Rules questions: Permissible activities while playing tournament chess?

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  • Rules questions: Permissible activities while playing tournament chess?

    This is a new theme under the series of rules-related and behavior-related posts on this site, covering the topic of 'permissible activities while playing tournament chess'.
    I am posing these questions in good faith, since I don't know the answers. I have seen all of these (and more!) actually occur, or heard / read about them, during my 50+ years as a tournament player and organizer.

    1) Using the score-sheet for purposes other than recording game information: such as drawing artwork doodles on the margins; writing horizontal lines to mark significant move totals (10, 20, 30, etc); writing comments on the game, either with descriptive symbols such as !, !?, ?!, ?, ?!, !!, ?? etc., or with actual language ["Show me!"; "I will!", cf Denker vs Pincus, "The Bobby Fischer I Knew And Other Stories"] -- what is allowed, and what not;

    2) Reading non-chess materials at the board during a game (such as fiction, non-fiction, comic books, newspapers, magazines, scientific papers, etc);

    3) Making artistic drawings on separate paper;

    4) Stepping outside the tournament room during the playing session, to make calls on a cellphone, or to access devices for non-chess related activity.

    Any explanatory material would be appreciated!

    Thanks,
    Frank Dixon, NTD
    Kingston

  • #2
    Frank,


    Some of these questions are a bit surprising coming from you.

    What should go on the score sheet:
    - Header Fields filled (name, date, round, time control, event)
    - Algebraic Notation of moves (d4 Nf6 0-0 Bb5+)
    - (optional) current time left on the clock after a specific move (1:04.29)
    - Draw offers next to the player who made it (=)
    - Result (1-0, 1/2, 0-1)
    - Signatures of both players upon completion of the game

    Nothing else should really go on a score sheet. The rules state that no aids should be allowed. Use discretion to what's considered an aid, or may be considered an aid.
    For example... Player A has a couple of squibbles on his score sheet. Player B calls foul on Player A. This is absurd. I am not about to forfeit Player A for having tested if his pen works or not. If Player B persists I might forfeit him instead for disruption.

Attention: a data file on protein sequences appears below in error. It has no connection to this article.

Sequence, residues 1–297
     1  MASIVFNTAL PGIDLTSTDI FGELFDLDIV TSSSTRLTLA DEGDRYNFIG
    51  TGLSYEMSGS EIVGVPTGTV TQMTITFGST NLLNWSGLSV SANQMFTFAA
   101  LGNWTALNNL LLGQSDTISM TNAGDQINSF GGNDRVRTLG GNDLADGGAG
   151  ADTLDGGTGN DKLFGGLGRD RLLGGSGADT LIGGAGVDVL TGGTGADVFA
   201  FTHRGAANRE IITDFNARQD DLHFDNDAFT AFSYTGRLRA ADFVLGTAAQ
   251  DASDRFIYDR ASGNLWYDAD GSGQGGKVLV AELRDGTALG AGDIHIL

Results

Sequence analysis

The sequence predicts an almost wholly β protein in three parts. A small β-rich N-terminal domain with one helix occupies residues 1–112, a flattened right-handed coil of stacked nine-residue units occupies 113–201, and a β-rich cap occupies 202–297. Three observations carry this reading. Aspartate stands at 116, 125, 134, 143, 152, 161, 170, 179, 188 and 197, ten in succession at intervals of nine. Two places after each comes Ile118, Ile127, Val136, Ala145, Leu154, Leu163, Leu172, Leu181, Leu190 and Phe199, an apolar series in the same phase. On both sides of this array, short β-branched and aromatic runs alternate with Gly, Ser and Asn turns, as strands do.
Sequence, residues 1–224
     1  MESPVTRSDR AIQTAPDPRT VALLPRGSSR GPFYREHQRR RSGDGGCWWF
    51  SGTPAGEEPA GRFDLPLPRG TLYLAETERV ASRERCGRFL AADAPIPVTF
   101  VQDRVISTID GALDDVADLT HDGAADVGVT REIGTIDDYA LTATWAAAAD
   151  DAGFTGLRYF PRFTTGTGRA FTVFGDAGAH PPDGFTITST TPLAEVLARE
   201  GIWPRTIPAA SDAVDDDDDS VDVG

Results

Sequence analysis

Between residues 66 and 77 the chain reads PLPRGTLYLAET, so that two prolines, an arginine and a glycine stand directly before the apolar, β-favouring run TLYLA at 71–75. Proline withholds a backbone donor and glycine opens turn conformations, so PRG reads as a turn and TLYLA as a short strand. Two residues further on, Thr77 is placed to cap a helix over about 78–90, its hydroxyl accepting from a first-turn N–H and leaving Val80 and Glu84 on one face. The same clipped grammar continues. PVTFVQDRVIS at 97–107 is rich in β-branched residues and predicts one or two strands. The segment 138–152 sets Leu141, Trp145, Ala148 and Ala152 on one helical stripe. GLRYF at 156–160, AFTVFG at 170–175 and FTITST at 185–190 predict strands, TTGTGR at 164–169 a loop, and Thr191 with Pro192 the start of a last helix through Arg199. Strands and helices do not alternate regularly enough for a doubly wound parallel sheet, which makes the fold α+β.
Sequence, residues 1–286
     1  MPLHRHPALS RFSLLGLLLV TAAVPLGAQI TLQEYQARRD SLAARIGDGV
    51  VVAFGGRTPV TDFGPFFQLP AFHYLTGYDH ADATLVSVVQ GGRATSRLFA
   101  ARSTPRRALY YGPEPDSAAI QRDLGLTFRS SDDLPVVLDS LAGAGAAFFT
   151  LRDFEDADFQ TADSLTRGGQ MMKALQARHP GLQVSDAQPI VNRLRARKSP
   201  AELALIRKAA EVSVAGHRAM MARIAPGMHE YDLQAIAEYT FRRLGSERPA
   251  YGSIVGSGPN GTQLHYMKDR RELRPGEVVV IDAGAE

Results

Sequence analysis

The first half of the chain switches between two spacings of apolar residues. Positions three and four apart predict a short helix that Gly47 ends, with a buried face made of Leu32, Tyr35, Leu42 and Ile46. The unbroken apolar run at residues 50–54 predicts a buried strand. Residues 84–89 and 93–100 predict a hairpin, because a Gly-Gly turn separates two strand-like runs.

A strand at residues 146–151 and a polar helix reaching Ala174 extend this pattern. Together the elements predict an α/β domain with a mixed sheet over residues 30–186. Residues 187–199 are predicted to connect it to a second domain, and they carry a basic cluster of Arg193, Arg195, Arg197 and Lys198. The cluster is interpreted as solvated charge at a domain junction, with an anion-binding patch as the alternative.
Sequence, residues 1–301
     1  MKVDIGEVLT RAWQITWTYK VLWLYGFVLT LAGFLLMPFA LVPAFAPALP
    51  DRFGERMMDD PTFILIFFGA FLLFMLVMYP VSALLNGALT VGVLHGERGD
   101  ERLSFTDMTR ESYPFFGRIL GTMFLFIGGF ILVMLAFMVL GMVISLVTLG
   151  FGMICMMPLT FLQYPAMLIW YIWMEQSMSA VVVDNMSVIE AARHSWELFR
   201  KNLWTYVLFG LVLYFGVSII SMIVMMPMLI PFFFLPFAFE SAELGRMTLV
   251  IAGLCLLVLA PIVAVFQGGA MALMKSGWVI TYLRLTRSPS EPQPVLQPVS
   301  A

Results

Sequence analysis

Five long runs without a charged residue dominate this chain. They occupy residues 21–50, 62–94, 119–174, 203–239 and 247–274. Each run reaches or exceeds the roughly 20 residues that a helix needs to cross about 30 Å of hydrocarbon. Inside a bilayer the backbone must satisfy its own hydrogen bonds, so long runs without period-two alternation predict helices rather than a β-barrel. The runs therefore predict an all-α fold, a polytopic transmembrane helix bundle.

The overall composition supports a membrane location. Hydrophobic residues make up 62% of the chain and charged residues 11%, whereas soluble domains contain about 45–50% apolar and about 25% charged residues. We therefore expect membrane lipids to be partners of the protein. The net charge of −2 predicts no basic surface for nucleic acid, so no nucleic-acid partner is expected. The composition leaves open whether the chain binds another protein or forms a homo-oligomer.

Here's an article, forfeit by Wesley So, at the US Championships in 2015:
    https://www.uschesschamps.com/2015-u...s-championship

    During a game, a chess player should be playing his/her game. Pacing around and observing other on-going games in a non-intrusive, non-disrupting manner is acceptable behavior.
    Partaking in other activities can (subjectively or universally) be perceived as poor sportsmanship.

    4) *facepalm*


    Alex F.

    Comment


    • #3
      NA Alex Ferriera is right here and shows some good sense as well.

      See below Article 11 The Conduct of the Players and also Anti-Cheating Guidelines. In the opinion of FIDE, the latter are going to play a larger and larger part of the work of Arbiters and will require ongoing learning, specialized/continuous training, and so on. The anti-Cheating Guidelines are worth reading carefully. This is part of the future of chess whether we like it or not.

      The entire FIDE Arbiters Manual can be found online (and therefore accessed more easily) at the following website - Arbiters Manual.

      There is a pdf file accessible from the same website. Just go over to 2019 Arbiters Manual on the leff-hand side.

      Dogs will bark, but the caravan of chess moves on.

      Comment


      • #4
        Originally posted by Alex Ferreira View Post
        Nothing else should really go on a score sheet.
        ...
        Partaking in other activities can (subjectively or universally) be perceived as poor sportsmanship.
        Once I noticed a player drawing another player (not an opponent) on other side of a scoresheet. After several head scratching thoughts I decided not to interfere - chess players are artists anyway :)
        Once are player mentioned that his opponent was recording other games going around on other side of a scoresheet. This went as straight no-no.

        Comment


        • #5
          I try to ignore my opponent during a game, focusing on the board. But if something happens it breaks my deep concentration, throws me off, and then I often blunder: crunchy eating, drumming with fingers, banging chairs, picking up clock, sleeping head on edge of board, snot or blood dripping onto board from nose, lights go out. Getting the TD to issue a warning is too late, damage already done. Leaving the board to go play cards, watch soccer on TV, or have a drink at the bar doesn't bother my concentration, so no forfeit.